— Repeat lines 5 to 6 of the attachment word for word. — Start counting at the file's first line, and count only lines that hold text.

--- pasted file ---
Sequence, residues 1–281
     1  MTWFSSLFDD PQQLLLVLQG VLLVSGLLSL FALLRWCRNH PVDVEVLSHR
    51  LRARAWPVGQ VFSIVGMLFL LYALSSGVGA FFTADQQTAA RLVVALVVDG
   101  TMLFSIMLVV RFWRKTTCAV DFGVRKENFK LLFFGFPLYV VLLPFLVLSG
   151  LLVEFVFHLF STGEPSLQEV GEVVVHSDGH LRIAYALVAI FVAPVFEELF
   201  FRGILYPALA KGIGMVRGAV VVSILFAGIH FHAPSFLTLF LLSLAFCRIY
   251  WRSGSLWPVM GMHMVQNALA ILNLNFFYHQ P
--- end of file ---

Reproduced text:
   151  LLVEFVFHLF STGEPSLQEV GEVVVHSDGH LRIAYALVAI FVAPVFEELF
   201  FRGILYPALA KGIGMVRGAV VVSILFAGIH FHAPSFLTLF LLSLAFCRIY